Whether he can do that or not is another question, as “Chunky(a nickname De Gale picked up in his youth)” has a very good defence: using his arms and gloves effectively to block punches in addition to swaying and bending at the waist(which he does very well) to evade his opponents on-coming blows.
The Londoner also fights from a south-paw stance and likes to switch-hit which adds an extra complexity to his game, and is an important factor in this fight as it will no doubt cause Badou some adaptability issues that he will need to overcome.
De Gale also possesses very good hand-speed and a nice “relaxed” jab that he likes to keep constantly ‘peppered’ in his opponents face, in addition to an effective offense which is bolstered by a solid left hook and hard straight left-hand that he also likes to singly lead with, from an unorthodox setting, on occasion.
And in ways, similar to his Swedish born counter-part, De Gale paces himself very-well and also possesses very good footwork and range too.
Power wise – De Gale isn’t what you would call a knockout specialist or power puncher and has a similar stat percentage(58% KO ratio)in this territory as his opponent. However, I would say that this part of De Gale’s game is maybe a little under-estimated, as he has shown he can ‘bang’, especially if he lands with that quick left-hook to the head that he throws with authority. He’s also got that natural ‘killer instinct’ to try to finish his opponent as quickly as possible when they are in trouble as well.
De Gale, for all his talent, does have vulnerabilities and particularly with punches coming over the top of his jab. He can also carry his hands quite low at times, that leave his chin exposed and vulnerable.
Whether Jack has the speed or “tools” in his arsenal to exploit this remains to be seen.
Interestingly, this fight exhibits an extra psychological dimension, in the sense that both men are in their 30s and at a juncture in their career where a defeat for either man would represent a significant set-back that would be likely hard to rebound from in order to reach a similar position as they are now, particularly for Badou – who is now 33 years of age and at a stage where retirement for a boxer can “loom” heavy on the mind. It’s an extra burden that also comes on top of the tension of fighting in a unification match that will also act as a segue to a heightened public profile, bigger pay-days and honours.
In this department, I favor De Gale to come out on top mentally. I feel that not only will De Gale’s vast amateur experience(that includes a winning a gold medal at the 2008 Olympics in Beijing ) and longevity in the pro game help him to cope with the occasion, but also his naturally confident, laid back and candid persona which seems to transfer over in to his attitude in the ring – where he always appears calm and collective even when cut or in situations where the fight isn’t going his way.
And to Chunky’s credit: he hasn’t seemed too fussed or been mesmerized by Floyd Mayweather’s involvement and all the media attention that followed in the build up to this fight(or, at least he comes across that way judging by some of the recent interviews he has given.)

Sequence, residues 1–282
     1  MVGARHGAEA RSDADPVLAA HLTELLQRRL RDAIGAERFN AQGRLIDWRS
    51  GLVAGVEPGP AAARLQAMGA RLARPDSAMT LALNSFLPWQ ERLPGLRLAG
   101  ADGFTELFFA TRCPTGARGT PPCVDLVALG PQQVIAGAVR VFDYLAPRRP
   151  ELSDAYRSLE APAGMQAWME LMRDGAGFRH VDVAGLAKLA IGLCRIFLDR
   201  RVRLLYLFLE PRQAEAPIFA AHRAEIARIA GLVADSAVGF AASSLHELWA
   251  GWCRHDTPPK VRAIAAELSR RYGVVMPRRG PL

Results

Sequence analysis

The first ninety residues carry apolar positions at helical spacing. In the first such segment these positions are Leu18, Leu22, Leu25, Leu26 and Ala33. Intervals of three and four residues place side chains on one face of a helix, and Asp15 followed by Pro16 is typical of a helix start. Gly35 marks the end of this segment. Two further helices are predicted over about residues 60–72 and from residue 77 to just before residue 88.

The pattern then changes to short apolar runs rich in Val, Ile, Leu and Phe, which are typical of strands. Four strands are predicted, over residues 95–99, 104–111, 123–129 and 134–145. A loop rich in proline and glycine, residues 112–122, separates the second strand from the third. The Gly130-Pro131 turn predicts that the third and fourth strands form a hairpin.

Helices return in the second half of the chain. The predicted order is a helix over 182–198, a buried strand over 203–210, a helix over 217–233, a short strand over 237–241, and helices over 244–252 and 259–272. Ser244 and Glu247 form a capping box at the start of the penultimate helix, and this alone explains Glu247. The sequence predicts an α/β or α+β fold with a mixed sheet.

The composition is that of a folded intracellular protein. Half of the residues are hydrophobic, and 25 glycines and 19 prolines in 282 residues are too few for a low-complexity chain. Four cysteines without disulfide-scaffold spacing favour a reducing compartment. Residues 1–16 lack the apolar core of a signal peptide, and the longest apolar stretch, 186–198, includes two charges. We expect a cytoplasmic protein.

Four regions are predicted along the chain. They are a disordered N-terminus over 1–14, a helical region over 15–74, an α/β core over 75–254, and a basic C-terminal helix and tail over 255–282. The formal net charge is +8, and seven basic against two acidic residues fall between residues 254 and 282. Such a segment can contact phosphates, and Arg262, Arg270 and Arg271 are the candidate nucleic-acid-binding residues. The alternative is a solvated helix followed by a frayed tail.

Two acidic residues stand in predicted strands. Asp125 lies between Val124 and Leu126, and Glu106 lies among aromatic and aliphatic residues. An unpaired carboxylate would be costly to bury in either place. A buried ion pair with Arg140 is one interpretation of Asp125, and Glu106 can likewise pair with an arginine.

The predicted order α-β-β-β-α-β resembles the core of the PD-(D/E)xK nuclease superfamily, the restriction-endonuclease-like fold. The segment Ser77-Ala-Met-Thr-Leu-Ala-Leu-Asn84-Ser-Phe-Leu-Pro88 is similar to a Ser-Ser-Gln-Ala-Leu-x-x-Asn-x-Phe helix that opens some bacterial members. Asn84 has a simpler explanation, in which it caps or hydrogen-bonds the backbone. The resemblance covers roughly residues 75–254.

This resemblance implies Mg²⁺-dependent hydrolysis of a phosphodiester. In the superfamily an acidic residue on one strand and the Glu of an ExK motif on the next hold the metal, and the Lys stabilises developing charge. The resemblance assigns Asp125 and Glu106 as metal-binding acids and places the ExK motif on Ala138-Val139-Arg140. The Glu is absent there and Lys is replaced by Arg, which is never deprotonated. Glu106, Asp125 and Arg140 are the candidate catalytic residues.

In addition, he also has a loyal and experienced man in Jim McDonnell in his corner, who himself was a good amateur and has fought at “world level” in the pros having had the privilege of gracing the ring with greats such as Azumah Nelson and Barry McGuigan(whom he holds a win over and was the last man McGuigan fought before the Northern Irishman retired.)
If anyone needs testimony of McDonnell’s focus and commitment to his boxers, while working in the corner, there’s some nice video footage of him on Youtube where during the Andre Dirrell vs James De Gale fight he is ‘pestered’ live and on-the-air at ringside by a TV Network pundit for his thoughts & analysis on how the fight was progressing, mid-bout, and Jim, while totally transfixed on the action and without so much as a glance, gives the guy the brush-off as he was “too busy” for that.
I’ve no doubt in my mind that Jim McDonnell understands the “gravitas” of this fight and has made sure that James has prepared adequately and is in the best shape of his life .
Badou, will also take some confidence going into this fight as having defeated not only the main opponents who “standout(Dirrell and Bute)” on De Gale’s fight resume as well, but also having defeated another talented fighter in George Groves, who, as it currently stands, is the only man to have given the “slippery” Southpaw from Hammersmith a defeat(no matter how close it was).
Overall, I feel that Badou Jack won’t be quick enough, a bit too static and predictable to cause De Gale any major problems, and that Chunky’s defense, coupled with his work-rate and skills, will be too much for the “Swede” to negate.
I actually see the fight playing out similarly to De Gale’s fight with Andre Dirrell, except he won’t have a similar level of hand-speed to deal with, but might have a more guarded and cautious opponent that’s harder to breakdown.
My prediction is De Gale will win a unanimous decision with some close rounds.
I also wouldn’t discount a KO for De Gale either.
Even though Londoner hasn’t scored a KO or TKO win in a while, he has scored knockdowns(particularly with that dangerous left-hook)in bouts, and for this particular fight he looks to be focused, sharp and in an unusually extra special shape making a KO outcome a bit more likelier than it has been in the past.